The ThinkTank Chronicles.

This is my journey from the deeply mysterious to the outrageously silly and mundace happenings of my life. the lows and highs, the ups and downs. And maybe a Simple Harmonic Motion to an exponential curve. Mathematical, Scientific, Theistic, Philosophical, Logical,Social, every conceivable idea.

Wednesday, April 06, 2005

Religion. Post Count ++

These are my small comments and thoughts wrt to the ones shared here. This is just a mirror of the comments i put in there. Nothing more nothing less.

"When a religion begins to directly assualt social problems as targets, that is probably when it is time to quit that religion"

Religion at every outset tries to answer some painfully seething but logical questions every man tries to find answers for. What is he/she? Whats his/her identity? Why are they here for? How will their existence through the 50-60 years of their own life make any difference to anyone?

I guess trying to tell a full grown human that he was born of a broken condom might not be the best way to placate the individual's ego :)

Its the need for identity, the fear of anonymity and the fear of insignificance are some of the very minor issues every creature with a knowledge of self has to deal with. As true as it can be, it is very clear that an individual has no role to play, he is but a speck of dust in the whole universe.

Its the answers to this identity crisis, that religions try to give a meaning to; to his own ego, that a religion tries to answer.

Hinduism as i understand tries to give an answer to everyone[based on their own individual capabilities] at every level. It tries to provide the required flexibility and also the required rigidity that can provide answers to questions that one poses. Its like the question bank that gives answers based on the questions we ask it. In this mode of generality, neither crystallinity nor fluidity can be its hallmarks.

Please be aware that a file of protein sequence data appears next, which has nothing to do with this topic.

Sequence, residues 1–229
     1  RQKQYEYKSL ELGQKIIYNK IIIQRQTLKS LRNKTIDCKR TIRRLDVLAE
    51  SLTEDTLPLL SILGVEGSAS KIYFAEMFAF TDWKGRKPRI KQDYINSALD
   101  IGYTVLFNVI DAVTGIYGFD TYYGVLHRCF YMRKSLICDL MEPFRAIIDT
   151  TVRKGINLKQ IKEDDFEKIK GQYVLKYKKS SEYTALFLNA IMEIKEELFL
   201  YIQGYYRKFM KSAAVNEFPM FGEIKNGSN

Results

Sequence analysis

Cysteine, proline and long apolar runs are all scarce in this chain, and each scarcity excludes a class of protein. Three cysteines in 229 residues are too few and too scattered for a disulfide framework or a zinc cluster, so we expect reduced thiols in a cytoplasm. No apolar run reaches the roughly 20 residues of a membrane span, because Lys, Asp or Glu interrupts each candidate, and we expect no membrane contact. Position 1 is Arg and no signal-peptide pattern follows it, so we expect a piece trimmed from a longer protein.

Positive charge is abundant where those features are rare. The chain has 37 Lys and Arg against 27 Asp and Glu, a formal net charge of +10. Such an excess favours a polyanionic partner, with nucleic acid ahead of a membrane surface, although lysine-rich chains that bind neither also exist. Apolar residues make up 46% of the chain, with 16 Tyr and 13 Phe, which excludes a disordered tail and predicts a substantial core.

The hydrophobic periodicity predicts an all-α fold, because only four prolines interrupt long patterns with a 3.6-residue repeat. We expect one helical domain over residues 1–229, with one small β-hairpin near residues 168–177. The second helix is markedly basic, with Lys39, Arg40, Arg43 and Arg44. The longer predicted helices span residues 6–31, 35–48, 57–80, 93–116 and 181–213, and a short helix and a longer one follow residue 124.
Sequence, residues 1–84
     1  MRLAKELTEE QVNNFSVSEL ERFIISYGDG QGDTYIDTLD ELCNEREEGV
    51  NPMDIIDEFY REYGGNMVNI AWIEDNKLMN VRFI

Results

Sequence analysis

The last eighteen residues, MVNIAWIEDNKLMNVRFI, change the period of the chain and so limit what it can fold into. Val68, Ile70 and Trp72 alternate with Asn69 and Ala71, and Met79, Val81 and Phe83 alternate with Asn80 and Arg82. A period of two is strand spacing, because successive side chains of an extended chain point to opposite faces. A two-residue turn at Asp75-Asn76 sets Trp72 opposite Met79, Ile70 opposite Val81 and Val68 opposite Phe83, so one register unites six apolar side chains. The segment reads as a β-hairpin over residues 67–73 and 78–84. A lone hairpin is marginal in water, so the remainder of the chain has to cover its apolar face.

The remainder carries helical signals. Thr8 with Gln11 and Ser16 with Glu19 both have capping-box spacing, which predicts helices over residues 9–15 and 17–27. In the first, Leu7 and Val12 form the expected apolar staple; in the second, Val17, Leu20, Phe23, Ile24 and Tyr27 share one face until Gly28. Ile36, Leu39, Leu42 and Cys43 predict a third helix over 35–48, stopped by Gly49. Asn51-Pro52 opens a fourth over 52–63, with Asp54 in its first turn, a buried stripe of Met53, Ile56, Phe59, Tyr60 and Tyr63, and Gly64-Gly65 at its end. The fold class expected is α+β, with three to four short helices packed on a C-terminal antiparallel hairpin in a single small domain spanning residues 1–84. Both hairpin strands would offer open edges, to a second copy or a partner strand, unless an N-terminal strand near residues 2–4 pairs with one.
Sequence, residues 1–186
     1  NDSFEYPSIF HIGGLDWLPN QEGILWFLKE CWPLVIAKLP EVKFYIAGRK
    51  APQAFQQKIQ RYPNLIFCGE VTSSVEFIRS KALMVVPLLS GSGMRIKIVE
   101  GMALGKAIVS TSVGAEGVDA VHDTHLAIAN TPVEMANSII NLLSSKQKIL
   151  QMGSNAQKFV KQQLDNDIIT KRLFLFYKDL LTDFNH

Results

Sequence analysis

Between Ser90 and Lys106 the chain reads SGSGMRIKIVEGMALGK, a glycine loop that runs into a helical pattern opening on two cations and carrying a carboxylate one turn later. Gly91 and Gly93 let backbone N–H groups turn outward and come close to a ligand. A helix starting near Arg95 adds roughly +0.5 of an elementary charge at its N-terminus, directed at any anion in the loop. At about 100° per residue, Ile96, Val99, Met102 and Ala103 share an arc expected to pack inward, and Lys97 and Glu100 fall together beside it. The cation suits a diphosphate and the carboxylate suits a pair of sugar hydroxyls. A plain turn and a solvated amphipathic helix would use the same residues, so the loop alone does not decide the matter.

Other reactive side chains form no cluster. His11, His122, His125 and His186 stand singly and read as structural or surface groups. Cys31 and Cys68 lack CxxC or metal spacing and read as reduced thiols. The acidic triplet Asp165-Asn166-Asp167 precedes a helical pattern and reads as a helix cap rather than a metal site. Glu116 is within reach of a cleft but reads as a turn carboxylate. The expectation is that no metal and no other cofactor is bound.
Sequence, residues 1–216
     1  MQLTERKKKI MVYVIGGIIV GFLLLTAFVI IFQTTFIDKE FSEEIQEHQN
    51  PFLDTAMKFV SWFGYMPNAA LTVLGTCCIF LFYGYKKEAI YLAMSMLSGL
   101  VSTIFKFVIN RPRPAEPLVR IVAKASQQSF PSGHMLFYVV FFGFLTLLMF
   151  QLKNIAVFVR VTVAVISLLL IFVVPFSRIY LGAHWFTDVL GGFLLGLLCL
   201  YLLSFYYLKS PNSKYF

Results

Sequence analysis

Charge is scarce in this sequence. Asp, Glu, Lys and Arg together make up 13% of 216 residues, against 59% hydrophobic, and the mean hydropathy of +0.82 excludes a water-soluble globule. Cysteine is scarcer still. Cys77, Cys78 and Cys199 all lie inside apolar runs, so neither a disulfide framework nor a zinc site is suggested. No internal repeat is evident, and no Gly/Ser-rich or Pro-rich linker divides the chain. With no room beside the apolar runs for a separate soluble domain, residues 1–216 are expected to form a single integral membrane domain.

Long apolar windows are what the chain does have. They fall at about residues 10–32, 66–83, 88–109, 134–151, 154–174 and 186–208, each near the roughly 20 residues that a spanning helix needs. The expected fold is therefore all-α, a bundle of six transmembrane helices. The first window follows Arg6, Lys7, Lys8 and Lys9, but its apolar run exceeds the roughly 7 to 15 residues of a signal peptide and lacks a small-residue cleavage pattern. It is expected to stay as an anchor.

Its fairly impossible to understand as how many can understand the basic philosophical premise that all they do might amount to nothing. They are as insignificant as any speck of dust can be. As tough it can be, it should also try to mask it with a belief of existence, of their own individual importance; of self-realisation.

What is the need for man to grow? Whats the need for spirituality, whats the need for a man to say he belongs to creatures of one kind, based on color, or geography or some belief systems? The sense of belonging is innate to every individual and hence the grouping based on the thought process[belief systems, i mean] might be biggest umbrella under which the most number of people can fit in, in a given scenario on earth. Any other system definitely becomes a subset of this [sex, geography, skin color]. The biggest superset is that of belonging to human race, and the bigger to that is that of all living systems. But i guess the religious system of Hinduism includes each and every being as an extension of an individual where the border between and individual and the environment they inhabit diminishes as he begins to probe deeper as per his own knowledge and understanding.

Also hinduism also tries to answer this by giving the man his individual place under the sun; to deal with his own life.

Im sure i havent told atleast one thing that relates to your post; and so am eagerly waiting for the philosopher's stone you are speaking about.
|| KoPoS, 11:19:00 AM


Here is my reply to your comment, I just posted in my blog...

I am not sure I understand you completely, so correct me if I am wrong. But I feel you are trying to suggest that "religion and identity" are inseparable. I am not sure you have understood my point here.

What I meant to say is - Religion helps man find his identity. It cannot become the man's identity itself. The comment from Indu M more or less serves as the answer here.

Hinduism as i understand tries to give an answer to everyone[based on their own individual capabilities] at every level

That is as much a problem as it seems like a solution. Because, Hinduism is sometimes reduced to what is best described by a phrase in Tamil - Eduppar Kai Pillai(like a child that is with peace with anybody who lifts it) . That is actually a phrase with a negative connotation.